In order to acquire suitable and accurate precipitation datasets which are helpful in hydrology, meteorology, and other scientific research over the upper Brahmaputra, we produced a new precipitation product by integrating gauge, satellite, and reanalysis precipitation datasets to reduce the uncertainties associated with a single product and limitation of few observation stations. Our integrated dataset performs better than the input datasets in estimating daily and monthly precipitation, describing the spatial heterogeneity, capturing variation trends and extreme events, and simulating river discharges. Furthermore, it is successful in reproducing daily precipitation variation, with smaller average biases (0.2 mm in 2014 and −0.006 mm in 2016) and RMSE values (4.18 mm in 2014 and 2.62 mm in 2016). Monthly precipitation shows higher correlation coefficients with the in situ data for various time series (0.69 for all the rain gauges in the warm months of 2014 and 2016; 0.86 for the nine meteorological stations between 1981 and 2016). This high spatiotemporal resolution assures us that we can use this new dataset to explore more detailed physical processes and further understand the impacts of climate change on the water resources of the upper Brahmaputra River basin, and we are confident that our precipitation dataset will greatly assist future research in this basin.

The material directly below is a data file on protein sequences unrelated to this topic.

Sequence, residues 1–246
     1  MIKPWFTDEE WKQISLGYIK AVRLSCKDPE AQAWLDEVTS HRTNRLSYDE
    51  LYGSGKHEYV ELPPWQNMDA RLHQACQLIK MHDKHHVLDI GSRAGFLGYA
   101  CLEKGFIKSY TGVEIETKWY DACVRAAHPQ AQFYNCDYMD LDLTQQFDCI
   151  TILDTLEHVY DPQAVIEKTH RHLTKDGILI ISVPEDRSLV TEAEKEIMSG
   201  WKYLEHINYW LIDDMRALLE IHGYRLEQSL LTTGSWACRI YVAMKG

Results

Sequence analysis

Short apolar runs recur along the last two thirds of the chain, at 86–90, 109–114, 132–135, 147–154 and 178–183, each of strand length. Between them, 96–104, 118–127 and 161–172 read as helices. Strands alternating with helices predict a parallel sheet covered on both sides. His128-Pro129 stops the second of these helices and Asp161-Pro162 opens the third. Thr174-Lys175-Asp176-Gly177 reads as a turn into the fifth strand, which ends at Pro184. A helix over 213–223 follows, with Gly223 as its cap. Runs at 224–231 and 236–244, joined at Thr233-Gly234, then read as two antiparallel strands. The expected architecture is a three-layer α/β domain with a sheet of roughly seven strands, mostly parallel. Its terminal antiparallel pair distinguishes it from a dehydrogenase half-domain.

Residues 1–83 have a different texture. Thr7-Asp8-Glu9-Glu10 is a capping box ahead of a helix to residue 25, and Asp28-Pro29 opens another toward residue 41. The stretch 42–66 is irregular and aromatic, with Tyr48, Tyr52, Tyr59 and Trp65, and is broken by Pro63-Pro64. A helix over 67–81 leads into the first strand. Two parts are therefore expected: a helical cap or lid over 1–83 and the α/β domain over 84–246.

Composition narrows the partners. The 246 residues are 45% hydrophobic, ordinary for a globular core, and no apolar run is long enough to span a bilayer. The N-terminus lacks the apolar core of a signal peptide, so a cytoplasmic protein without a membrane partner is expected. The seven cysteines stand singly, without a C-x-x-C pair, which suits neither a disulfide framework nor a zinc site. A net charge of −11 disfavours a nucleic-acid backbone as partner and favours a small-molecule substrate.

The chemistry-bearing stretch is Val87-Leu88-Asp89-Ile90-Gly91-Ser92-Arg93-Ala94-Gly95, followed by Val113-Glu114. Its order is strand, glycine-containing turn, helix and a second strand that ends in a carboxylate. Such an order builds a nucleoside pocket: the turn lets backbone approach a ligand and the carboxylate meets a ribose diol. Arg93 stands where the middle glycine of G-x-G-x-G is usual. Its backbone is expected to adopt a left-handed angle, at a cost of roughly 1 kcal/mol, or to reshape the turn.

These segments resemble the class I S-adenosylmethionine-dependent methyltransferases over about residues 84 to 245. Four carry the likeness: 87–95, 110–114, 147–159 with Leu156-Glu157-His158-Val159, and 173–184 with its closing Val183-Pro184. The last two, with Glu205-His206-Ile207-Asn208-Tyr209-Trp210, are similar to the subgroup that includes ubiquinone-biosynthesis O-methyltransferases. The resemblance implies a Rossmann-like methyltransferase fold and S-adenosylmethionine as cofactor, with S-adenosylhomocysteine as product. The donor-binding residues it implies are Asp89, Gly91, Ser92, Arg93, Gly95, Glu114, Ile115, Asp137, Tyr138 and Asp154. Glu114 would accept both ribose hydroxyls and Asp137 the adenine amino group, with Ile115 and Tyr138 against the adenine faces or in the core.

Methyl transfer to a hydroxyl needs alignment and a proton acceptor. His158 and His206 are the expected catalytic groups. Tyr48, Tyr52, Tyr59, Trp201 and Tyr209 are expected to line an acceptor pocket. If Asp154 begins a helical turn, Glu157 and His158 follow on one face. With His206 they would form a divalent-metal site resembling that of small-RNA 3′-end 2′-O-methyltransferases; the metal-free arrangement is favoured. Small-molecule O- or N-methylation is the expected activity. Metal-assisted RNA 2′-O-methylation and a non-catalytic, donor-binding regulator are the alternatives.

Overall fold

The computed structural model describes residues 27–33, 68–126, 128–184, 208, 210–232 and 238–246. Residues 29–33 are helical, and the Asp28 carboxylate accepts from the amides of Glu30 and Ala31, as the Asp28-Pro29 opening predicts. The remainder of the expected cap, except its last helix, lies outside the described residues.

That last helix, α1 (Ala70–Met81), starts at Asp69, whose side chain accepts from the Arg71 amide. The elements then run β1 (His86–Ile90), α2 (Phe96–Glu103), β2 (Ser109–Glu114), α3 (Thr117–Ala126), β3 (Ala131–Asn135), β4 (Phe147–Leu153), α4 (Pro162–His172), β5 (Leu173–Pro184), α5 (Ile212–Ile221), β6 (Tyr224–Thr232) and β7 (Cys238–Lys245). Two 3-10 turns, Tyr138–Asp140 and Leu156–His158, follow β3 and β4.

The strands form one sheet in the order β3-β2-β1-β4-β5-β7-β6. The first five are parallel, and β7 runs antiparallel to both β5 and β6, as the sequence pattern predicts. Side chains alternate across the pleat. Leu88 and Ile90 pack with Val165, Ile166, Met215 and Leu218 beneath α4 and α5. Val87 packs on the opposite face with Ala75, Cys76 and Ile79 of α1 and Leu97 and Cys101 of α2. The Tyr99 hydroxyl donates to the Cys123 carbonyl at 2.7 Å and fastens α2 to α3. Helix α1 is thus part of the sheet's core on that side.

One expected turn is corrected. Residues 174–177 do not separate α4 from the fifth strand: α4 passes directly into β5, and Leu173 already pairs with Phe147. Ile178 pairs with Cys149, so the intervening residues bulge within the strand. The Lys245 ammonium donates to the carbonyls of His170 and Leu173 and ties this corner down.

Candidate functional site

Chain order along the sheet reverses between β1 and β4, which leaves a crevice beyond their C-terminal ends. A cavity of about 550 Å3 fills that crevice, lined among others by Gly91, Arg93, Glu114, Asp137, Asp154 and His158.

With this in mind, we note some aspects of this study that deserve further consideration. The effect of altitude on precipitation has not been taken into account in the development of this dataset. The 166 rain gauges used in this paper are all located at elevations above 3500 m, except for several eastern gauges. Generally, these gauges were installed in relatively plain-like areas, which may lead to large uncertainty in estimating precipitation (rain or snow) in high mountains, especially at daily or finer timescales (Ahrens, 2006; Haiden and Pistotnik, 2009). Due to the orographic effect on precipitation rates, this limitation can be even more severe in mountainous regions and transition zones between low and high altitudes, which will result in underestimates of the actual basin-wide precipitation (Anders et al., 2006; Hashemi et al., 2020). Increasing the density and the distribution area of observational stations can directly weaken these altitude effects. We also note uncertainties that may arise from the regridding of the remotely sensed datasets in order to pair with the in situ gauge data. In addition, the assumption of normal distribution when analyzing extremely high daily precipitation can also lead to uncertainty. Generally, the non-normal (skewed) distribution of precipitation is caused by the zero-rainfall events at single sites (Kumar et al., 2009; Semenov, 2008; Sloughter et al., 2007). An associated problem is the quantity and reliability of the data used to fit the distribution. If different probability distributions are used to describe the observed time series of daily precipitation, then different extreme values may be obtained (Angelidis et al., 2012). This study provides a foundation from which further studies can be carried out to explore these aspects in more detail.